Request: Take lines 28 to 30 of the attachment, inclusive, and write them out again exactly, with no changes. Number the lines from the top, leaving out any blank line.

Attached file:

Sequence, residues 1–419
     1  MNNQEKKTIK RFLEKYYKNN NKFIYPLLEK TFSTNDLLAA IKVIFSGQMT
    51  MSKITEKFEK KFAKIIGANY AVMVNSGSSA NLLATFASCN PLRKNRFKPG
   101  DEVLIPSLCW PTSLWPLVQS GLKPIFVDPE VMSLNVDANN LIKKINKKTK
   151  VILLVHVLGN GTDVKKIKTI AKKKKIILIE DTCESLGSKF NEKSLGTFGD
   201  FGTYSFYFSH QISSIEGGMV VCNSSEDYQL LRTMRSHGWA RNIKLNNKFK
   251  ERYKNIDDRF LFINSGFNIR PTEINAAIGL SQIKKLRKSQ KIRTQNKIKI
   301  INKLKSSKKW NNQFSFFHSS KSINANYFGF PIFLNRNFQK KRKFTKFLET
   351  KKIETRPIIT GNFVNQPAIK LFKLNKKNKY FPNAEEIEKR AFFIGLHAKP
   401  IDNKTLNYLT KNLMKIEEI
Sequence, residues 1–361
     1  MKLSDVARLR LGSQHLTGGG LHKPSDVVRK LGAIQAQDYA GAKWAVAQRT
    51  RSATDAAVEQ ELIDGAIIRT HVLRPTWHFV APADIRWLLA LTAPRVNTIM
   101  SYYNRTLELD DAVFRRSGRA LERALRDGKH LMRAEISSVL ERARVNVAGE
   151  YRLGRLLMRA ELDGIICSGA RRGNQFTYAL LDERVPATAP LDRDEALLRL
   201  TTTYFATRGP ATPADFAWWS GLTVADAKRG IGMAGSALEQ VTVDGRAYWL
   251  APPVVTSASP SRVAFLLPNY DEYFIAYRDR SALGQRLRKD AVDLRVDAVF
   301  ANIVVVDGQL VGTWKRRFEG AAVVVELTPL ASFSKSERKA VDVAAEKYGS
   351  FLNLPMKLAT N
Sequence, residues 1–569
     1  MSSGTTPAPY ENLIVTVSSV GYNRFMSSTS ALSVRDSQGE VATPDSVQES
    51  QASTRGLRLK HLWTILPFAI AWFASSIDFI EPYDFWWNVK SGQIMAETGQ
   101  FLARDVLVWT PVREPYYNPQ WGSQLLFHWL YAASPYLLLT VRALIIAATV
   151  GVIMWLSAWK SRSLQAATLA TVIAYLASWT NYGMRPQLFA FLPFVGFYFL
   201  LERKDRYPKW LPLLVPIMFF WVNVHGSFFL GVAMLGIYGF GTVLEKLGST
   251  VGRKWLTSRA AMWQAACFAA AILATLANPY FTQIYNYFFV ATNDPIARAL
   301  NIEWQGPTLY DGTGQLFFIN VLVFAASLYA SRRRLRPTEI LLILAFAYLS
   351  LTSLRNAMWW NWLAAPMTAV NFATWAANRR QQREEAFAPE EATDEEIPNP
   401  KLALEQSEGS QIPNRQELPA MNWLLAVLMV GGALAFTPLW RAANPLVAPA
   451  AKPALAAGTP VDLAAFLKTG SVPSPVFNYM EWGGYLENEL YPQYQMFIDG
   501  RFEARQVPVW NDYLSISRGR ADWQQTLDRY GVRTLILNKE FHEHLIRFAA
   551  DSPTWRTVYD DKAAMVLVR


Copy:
   351  LTSLRNAMWW NWLAAPMTAV NFATWAANRR QQREEAFAPE EATDEEIPNP
   401  KLALEQSEGS QIPNRQELPA MNWLLAVLMV GGALAFTPLW RAANPLVAPA
   451  AKPALAAGTP VDLAAFLKTG SVPSPVFNYM EWGGYLENEL YPQYQMFIDG